Sputum Culture and Cytology Study
Sputum Tests Screen for Lung Infections
Sputum is the substance expelled from your respiratory tract when you cough or clear your throat. It may contain a variety of material, including mucus, cellular debris, blood, pus and bacteria. Your doctor may order a sputum culture or cytology study to screen and diagnose bacterial infections of the lungs such as tuberculosis.
Preparation and Procedure
Before collecting a sputum specimen for the culture or study, contact your nearest lab to obtain a sterile collection container. To collect the specimen:
- In the morning when you wake up, blow your nose to discharge any nasal and sinus secretions that have accumulated during the night. Discard them.
- Clean and rinse your mouth, teeth and gums with water. Do not brush with toothpaste.
- Breathe deeply, inhaling to the full capacity of your lungs, then exhale with a cough.
- Expectorate sputum from your lungs into the sterile collection container.
- Do not expectorate saliva from your mouth. Saliva may cause contamination of the specimen, and you may be asked to collect another if it is found to be unsuitable for analysis.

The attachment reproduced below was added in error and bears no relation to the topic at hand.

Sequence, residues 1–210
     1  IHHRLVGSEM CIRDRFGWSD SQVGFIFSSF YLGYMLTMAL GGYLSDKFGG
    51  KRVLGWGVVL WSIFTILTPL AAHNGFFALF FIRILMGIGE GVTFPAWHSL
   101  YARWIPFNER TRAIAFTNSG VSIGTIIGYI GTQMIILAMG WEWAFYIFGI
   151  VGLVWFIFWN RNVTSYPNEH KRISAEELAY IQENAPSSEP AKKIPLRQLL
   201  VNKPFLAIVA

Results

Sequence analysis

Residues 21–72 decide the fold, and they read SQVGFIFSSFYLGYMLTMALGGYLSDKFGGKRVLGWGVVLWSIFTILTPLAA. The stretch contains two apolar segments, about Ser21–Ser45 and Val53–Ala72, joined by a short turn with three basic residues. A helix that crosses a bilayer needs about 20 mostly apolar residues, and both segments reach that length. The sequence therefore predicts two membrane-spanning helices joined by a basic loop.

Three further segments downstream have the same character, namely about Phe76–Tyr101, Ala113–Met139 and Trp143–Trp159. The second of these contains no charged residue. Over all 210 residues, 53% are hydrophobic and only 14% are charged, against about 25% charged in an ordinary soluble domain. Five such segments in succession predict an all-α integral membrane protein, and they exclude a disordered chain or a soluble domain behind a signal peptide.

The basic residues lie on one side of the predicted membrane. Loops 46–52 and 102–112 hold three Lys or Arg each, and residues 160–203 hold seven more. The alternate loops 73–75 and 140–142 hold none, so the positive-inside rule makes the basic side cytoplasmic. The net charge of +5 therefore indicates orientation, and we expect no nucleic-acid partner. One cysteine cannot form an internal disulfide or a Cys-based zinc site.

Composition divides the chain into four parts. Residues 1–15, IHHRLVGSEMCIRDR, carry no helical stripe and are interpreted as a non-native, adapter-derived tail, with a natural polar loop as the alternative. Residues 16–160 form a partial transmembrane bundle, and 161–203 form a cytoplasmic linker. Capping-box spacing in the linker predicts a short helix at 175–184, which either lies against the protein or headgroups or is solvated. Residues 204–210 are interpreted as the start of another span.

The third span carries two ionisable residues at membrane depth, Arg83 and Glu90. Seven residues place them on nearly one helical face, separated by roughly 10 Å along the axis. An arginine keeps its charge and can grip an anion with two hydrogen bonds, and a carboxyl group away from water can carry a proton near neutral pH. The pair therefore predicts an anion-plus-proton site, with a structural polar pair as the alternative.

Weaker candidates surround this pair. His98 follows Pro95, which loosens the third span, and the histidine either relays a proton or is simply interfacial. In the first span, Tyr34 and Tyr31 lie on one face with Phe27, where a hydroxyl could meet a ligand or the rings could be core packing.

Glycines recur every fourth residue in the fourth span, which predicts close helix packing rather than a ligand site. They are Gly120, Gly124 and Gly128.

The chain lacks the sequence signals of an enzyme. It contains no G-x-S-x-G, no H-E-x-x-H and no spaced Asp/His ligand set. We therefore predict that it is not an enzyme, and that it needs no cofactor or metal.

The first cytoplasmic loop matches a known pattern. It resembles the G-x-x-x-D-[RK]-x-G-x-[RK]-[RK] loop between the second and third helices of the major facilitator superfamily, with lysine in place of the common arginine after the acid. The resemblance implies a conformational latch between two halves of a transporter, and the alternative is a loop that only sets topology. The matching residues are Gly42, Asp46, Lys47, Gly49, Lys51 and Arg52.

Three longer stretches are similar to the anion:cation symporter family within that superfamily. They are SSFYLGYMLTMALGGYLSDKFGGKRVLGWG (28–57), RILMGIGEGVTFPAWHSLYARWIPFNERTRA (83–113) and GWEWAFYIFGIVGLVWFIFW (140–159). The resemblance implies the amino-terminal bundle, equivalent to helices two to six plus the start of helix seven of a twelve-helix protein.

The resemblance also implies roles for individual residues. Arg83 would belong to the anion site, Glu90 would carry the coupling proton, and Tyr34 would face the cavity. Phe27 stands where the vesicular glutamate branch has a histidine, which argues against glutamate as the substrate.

- Deliver the specimen to the lab immediately. If this is not possible, you may refrigerate the specimen for up to 24 hours before delivering it.
Your time at the lab will be limited to the amount of time it takes to sign in, register with admitting and leave your specimen. Results from the culture or study are typically sent to your doctor within a few days; be assured, however, that any critical results are communicated immediately. Your doctor will discuss the results with you once he or she has reviewed them.
Sputum cultures and cytology studies are available at MidMichigan facilities in:
Michigan law requires that a valid order signed by an authorized person be presented before any laboratory test or procedure can be conducted. Authorized persons are defined as physicians, physician assistants, or nurse practitioners. These professionals are legally responsible for interpreting the results of tests based on their knowledge of the individual patient.